Diagnosis of Streptococcus pneumoniae lower respiratory infection in hospitalized children by culture, polymerase chain reaction, serological testing, and urinary antigen detection

Ian C. Michelow, Juanita Lozano, Kurt Olsen, Collin Goto, Nancy K. Rollins, Faryal Ghaffar, Violeta Rodriguez-Cerrato, Maija Leinonen, George H. McCracken

Research output: Contribution to journalArticle

84 Scopus citations

Abstract

A prospective study of 154 consecutive high-risk hospitalized children with lower respiratory infections was conducted to determine the clinical utility of a pneumolysin-based polymerase chain reaction (PCR) assay compared with blood and pleural fluid cultures and serological and urinary antigen tests to determine the incidence of Streptococcus pneumoniae. Whole blood, buffy coat, or plasma samples from 67 children (44%) tested positive by PCR. Sensitivity was 100% among 11 promptly tested culture-confirmed children and specificity was 95% among control subjects. Age, prior oral antibiotic therapy, and pneumococcal nasopharyngeal colonization did not influence PCR results, whereas several surrogates of disease severity were associated with positive tests. Although serological and urinary antigen tests had comparable sensitivity, specificity varied among infected children, and statistical agreement among all assays was limited. These findings support the use of PCR tests to evaluate the protective efficacy of pneumococcal conjugate vaccines and to identify promptly children with pretreated or nonbacteremic pneumococcal lower respiratory infections.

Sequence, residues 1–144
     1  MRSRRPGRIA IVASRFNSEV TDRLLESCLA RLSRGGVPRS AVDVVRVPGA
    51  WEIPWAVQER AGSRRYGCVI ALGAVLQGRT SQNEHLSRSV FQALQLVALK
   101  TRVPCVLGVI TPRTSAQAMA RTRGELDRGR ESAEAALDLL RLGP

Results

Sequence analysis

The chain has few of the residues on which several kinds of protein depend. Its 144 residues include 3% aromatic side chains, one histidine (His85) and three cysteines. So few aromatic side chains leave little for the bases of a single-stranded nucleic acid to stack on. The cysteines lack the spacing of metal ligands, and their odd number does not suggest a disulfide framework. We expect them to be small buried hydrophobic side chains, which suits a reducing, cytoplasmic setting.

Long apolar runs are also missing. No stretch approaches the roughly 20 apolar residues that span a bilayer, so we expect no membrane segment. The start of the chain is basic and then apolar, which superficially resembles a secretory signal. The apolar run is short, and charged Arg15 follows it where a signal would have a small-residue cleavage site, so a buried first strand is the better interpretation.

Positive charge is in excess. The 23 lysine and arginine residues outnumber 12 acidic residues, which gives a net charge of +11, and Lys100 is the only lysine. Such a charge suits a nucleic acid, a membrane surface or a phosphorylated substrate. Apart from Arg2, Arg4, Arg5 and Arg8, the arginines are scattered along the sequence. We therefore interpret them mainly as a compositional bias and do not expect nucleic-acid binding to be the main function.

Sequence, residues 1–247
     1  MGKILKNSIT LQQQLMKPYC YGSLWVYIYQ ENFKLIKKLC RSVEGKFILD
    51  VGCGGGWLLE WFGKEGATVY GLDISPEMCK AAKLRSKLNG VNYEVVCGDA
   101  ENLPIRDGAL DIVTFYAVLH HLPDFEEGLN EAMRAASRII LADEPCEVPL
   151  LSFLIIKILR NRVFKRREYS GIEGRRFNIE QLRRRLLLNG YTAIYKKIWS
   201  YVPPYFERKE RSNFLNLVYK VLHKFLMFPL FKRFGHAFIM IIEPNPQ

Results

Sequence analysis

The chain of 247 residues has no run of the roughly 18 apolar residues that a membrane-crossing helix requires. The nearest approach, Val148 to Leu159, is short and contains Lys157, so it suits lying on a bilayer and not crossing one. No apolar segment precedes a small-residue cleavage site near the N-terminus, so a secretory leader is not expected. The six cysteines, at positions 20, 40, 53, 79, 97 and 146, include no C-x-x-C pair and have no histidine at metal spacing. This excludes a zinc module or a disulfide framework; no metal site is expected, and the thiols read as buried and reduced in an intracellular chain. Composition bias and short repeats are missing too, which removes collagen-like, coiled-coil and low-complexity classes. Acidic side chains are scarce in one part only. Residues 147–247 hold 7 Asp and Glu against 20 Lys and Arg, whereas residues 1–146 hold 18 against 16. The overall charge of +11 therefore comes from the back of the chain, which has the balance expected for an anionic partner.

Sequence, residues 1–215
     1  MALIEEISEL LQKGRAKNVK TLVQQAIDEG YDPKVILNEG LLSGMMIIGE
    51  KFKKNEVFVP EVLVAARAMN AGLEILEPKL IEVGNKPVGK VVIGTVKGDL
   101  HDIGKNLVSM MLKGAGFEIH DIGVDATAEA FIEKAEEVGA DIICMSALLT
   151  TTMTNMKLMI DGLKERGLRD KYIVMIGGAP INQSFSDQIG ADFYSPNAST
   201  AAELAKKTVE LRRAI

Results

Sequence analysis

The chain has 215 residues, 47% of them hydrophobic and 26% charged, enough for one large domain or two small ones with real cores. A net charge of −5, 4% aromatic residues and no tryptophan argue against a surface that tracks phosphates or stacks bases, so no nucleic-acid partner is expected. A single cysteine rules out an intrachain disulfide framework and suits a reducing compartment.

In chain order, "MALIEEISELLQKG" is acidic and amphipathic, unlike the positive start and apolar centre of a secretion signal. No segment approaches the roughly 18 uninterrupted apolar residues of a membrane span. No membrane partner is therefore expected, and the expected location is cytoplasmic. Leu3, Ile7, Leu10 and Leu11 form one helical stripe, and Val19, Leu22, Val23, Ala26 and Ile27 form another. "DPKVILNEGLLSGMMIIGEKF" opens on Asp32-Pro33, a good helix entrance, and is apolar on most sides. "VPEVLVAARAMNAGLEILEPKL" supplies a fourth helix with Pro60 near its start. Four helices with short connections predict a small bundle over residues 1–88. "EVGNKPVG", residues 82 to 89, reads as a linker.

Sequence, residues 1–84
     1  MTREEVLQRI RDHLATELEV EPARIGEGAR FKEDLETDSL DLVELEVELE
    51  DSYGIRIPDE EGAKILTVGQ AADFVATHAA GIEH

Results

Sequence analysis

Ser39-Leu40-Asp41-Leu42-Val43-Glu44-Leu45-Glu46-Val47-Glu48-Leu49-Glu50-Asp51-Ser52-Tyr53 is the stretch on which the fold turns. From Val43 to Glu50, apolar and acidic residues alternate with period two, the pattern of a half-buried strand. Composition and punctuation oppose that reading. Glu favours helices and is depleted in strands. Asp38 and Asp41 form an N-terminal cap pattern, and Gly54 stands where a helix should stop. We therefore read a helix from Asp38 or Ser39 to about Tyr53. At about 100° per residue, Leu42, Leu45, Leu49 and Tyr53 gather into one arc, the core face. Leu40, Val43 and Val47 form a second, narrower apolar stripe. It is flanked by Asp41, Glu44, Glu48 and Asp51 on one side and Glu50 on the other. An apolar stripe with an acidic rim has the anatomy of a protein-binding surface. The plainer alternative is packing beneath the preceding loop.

Original languageEnglish (US)
Pages (from-to)1-11
Number of pages11
JournalClinical infectious diseases : an official publication of the Infectious Diseases Society of America
Volume34
Issue number1
DOIs
StatePublished - Jan 1 2002

ASJC Scopus subject areas

  • Microbiology (medical)
  • Infectious Diseases

Fingerprint Dive into the research topics of 'Diagnosis of Streptococcus pneumoniae lower respiratory infection in hospitalized children by culture, polymerase chain reaction, serological testing, and urinary antigen detection'. Together they form a unique fingerprint.

  • Cite this